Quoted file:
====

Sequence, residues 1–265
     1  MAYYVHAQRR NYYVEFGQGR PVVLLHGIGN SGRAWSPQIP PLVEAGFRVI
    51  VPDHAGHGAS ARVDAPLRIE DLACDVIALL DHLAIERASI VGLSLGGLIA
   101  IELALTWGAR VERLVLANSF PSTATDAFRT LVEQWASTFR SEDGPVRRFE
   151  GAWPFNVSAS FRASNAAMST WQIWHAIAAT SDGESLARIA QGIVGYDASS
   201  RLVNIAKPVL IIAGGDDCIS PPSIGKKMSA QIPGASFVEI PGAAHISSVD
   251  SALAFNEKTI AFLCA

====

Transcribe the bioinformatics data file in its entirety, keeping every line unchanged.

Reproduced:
Sequence, residues 1–265
     1  MAYYVHAQRR NYYVEFGQGR PVVLLHGIGN SGRAWSPQIP PLVEAGFRVI
    51  VPDHAGHGAS ARVDAPLRIE DLACDVIALL DHLAIERASI VGLSLGGLIA
   101  IELALTWGAR VERLVLANSF PSTATDAFRT LVEQWASTFR SEDGPVRRFE
   151  GAWPFNVSAS FRASNAAMST WQIWHAIAAT SDGESLARIA QGIVGYDASS
   201  RLVNIAKPVL IIAGGDDCIS PPSIGKKMSA QIPGASFVEI PGAAHISSVD
   251  SALAFNEKTI AFLCA